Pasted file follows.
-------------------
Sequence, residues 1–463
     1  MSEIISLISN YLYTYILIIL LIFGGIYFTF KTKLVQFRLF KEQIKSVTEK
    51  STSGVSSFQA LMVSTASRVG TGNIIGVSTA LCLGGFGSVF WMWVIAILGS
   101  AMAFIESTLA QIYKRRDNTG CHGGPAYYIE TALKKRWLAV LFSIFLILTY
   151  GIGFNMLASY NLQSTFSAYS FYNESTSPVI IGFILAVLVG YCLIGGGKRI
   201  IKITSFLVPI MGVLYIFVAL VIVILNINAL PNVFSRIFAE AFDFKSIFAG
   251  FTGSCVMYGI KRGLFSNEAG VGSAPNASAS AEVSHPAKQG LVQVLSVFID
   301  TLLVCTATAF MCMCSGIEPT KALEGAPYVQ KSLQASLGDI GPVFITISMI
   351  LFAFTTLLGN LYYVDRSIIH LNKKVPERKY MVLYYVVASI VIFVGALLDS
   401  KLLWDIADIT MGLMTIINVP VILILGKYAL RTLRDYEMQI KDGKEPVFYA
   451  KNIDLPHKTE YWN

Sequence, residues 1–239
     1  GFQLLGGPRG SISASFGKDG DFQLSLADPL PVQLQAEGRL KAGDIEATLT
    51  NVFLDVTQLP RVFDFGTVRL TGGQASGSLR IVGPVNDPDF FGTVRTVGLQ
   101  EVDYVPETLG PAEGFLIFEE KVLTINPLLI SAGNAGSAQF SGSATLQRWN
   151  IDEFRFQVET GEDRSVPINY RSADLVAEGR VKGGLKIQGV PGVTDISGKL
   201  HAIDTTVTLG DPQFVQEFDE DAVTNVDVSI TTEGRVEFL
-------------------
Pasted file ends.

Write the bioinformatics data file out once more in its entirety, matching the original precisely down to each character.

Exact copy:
Sequence, residues 1–463
     1  MSEIISLISN YLYTYILIIL LIFGGIYFTF KTKLVQFRLF KEQIKSVTEK
    51  STSGVSSFQA LMVSTASRVG TGNIIGVSTA LCLGGFGSVF WMWVIAILGS
   101  AMAFIESTLA QIYKRRDNTG CHGGPAYYIE TALKKRWLAV LFSIFLILTY
   151  GIGFNMLASY NLQSTFSAYS FYNESTSPVI IGFILAVLVG YCLIGGGKRI
   201  IKITSFLVPI MGVLYIFVAL VIVILNINAL PNVFSRIFAE AFDFKSIFAG
   251  FTGSCVMYGI KRGLFSNEAG VGSAPNASAS AEVSHPAKQG LVQVLSVFID
   301  TLLVCTATAF MCMCSGIEPT KALEGAPYVQ KSLQASLGDI GPVFITISMI
   351  LFAFTTLLGN LYYVDRSIIH LNKKVPERKY MVLYYVVASI VIFVGALLDS
   401  KLLWDIADIT MGLMTIINVP VILILGKYAL RTLRDYEMQI KDGKEPVFYA
   451  KNIDLPHKTE YWN

Sequence, residues 1–239
     1  GFQLLGGPRG SISASFGKDG DFQLSLADPL PVQLQAEGRL KAGDIEATLT
    51  NVFLDVTQLP RVFDFGTVRL TGGQASGSLR IVGPVNDPDF FGTVRTVGLQ
   101  EVDYVPETLG PAEGFLIFEE KVLTINPLLI SAGNAGSAQF SGSATLQRWN
   151  IDEFRFQVET GEDRSVPINY RSADLVAEGR VKGGLKIQGV PGVTDISGKL
   201  HAIDTTVTLG DPQFVQEFDE DAVTNVDVSI TTEGRVEFL